What’s the best way to win advocates for your brand? TRUST. What’s the best way to win trust? Be helpful. What’s the best way to be helpful? Give consumers useful information they wouldn’t expect to get free. Information that will save them time, save them money, make them smarter, make them happier, make them feel better about themselves – and you.
Since its inception, the Nordstrom brand has centered around being helpful, right? Like a phone call telling you they remembered you were looking for shoes to go with the suit you bought last month, and they just got the perfect pair in. Or how about the American Express openforum.com, a free website with tons of information that claims huge success in helping business owners succeed. Oh, and its content contributors are donating their brains and talent at no charge to American Express.
It’s easy to talk about big brands like these, but how about the success some smaller brands are enjoying due to their helpfulness? Like Kellogg Garden Products, with a website full of gardening tips from soil calculators to fun kid gardening activities. Their website Analytics show a huge percentage of visitors time being spent on the pages they’ve built simply to be helpful, and their brand recognition confirms this.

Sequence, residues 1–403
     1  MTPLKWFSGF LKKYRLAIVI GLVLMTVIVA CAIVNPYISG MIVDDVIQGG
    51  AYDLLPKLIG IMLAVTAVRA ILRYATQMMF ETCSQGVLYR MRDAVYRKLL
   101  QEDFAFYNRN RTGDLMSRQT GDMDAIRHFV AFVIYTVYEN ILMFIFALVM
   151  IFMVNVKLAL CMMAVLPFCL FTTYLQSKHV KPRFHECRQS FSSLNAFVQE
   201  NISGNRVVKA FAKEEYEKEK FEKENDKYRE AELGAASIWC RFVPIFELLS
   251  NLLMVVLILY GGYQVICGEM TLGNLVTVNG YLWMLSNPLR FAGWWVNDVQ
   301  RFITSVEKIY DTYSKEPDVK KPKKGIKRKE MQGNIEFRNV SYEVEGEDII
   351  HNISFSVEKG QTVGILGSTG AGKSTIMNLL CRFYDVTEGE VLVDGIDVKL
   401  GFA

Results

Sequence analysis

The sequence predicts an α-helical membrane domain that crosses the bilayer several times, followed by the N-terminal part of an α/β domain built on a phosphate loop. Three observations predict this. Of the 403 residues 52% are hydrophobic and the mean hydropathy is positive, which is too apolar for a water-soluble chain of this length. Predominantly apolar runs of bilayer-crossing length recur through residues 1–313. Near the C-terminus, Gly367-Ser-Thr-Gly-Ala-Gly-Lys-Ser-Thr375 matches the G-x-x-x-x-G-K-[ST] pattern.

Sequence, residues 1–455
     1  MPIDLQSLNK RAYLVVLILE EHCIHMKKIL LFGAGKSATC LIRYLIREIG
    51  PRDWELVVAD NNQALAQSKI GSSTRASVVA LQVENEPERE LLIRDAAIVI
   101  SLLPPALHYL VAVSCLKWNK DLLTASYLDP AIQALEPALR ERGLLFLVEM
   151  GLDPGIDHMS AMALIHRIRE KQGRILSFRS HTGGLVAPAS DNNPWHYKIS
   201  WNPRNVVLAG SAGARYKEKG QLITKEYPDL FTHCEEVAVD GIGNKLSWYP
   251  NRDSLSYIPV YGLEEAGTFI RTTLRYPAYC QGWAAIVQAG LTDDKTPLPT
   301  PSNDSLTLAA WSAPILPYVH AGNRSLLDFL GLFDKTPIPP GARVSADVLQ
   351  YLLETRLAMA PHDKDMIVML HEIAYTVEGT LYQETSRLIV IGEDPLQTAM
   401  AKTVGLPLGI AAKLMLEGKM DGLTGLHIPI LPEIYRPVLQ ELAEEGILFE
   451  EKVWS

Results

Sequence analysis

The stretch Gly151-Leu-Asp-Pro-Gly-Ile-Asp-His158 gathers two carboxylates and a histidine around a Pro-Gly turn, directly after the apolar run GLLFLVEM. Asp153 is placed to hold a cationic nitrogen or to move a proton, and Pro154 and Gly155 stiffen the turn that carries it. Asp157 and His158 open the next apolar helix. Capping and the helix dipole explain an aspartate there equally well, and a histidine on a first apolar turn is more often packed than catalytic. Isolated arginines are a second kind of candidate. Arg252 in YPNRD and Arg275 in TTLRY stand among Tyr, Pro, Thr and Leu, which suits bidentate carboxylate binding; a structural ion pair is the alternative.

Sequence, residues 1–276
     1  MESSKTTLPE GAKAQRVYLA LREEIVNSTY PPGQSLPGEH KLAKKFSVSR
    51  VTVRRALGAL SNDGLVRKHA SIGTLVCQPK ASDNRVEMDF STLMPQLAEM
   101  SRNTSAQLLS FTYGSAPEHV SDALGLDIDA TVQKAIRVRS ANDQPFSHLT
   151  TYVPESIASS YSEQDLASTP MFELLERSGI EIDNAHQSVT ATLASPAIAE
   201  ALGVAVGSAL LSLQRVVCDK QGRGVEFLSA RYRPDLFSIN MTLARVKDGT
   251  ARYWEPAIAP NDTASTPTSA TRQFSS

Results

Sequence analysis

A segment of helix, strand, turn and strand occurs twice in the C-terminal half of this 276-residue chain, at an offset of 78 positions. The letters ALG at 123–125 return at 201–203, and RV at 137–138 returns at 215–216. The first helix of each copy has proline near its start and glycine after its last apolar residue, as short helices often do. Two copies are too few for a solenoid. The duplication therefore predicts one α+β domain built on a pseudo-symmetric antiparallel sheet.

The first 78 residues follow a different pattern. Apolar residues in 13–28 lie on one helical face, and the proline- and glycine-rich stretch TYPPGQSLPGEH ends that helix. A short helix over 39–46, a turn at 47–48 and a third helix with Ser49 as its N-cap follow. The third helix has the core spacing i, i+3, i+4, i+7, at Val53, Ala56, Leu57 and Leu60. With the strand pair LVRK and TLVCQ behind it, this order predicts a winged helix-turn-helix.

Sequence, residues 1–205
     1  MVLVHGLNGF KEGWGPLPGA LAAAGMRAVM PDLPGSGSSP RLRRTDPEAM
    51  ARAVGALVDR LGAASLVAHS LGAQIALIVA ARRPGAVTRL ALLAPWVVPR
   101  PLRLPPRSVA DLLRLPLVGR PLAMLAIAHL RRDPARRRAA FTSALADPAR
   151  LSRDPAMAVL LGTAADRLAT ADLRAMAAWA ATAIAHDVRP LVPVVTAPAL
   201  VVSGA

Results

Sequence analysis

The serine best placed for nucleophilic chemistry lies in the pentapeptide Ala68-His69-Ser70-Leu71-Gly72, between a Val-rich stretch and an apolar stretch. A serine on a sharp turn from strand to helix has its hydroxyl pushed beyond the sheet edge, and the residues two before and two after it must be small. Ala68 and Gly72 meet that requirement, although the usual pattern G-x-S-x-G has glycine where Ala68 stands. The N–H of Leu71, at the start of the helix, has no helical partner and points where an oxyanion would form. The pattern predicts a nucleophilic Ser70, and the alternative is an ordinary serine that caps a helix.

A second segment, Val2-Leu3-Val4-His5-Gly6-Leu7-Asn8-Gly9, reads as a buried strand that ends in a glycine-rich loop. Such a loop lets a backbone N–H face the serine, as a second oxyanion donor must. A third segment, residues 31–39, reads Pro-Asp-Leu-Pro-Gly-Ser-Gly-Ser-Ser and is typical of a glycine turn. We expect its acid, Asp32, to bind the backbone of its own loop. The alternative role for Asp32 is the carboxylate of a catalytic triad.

Big or small, these brands understand they must give in order to receive. Paying it forward may end up being the most successful marketing mantra for the 21st Century. The question is, is your brand ready?
Clients often ask us how much it costs to produce an online video ad. Their initial thought is that, because the media is usually free, the production cost should be lower. Sorry. There's no correlation.
Think about the process of inbound vs. outbound marketing for a moment. Outbound marketing includes traditional advertising. Intrude. Repeat. Intrude. Repeat. You didn't ask to see the ad, but it's going to be pushed in front of you anyway in the hopes that you will like it, remember it, and respond to it. Oh sure, the option is usually there to fast forward past it on TV, push the button on the radio, or flip right past it in print. But, you at least get a glimpse of it before you make that choice. A glimpse you didn't ask for. A glimpse that cost the advertiser a lot of money.
But inbound marketing is different. Inbound marketing puts the exposure responsibility on the consumer. This is why it's often called “viral”. It's based on making something so compelling that people will not only see it and share it, but also search for it. Quite the opposite of traditional m
edia, eh? This viral effort often requires spectacular creative that comes in the form of incredible production, or just a brilliant simple idea.
Does that mean it always has to cost a lot? Not always. Like we said, it's about the idea more than the production (see Levi's successful viral video campaign that cost less than $10,000). But usually the few successes in the online viral world have involved substantial production costs.
Take the Evian Roller Babies ad above. When totaling its US and international versions, it just surpassed 100,000,000 views online, making it the most viewed television ad in online history. In comparison, this year's Super Bowl had 106,000,000 viewers and the average 30-second spot cost was a little over $3,000,000 dollars, and that's before any creative production. Media costs for Evian's 100,000,000 viewers? Zero.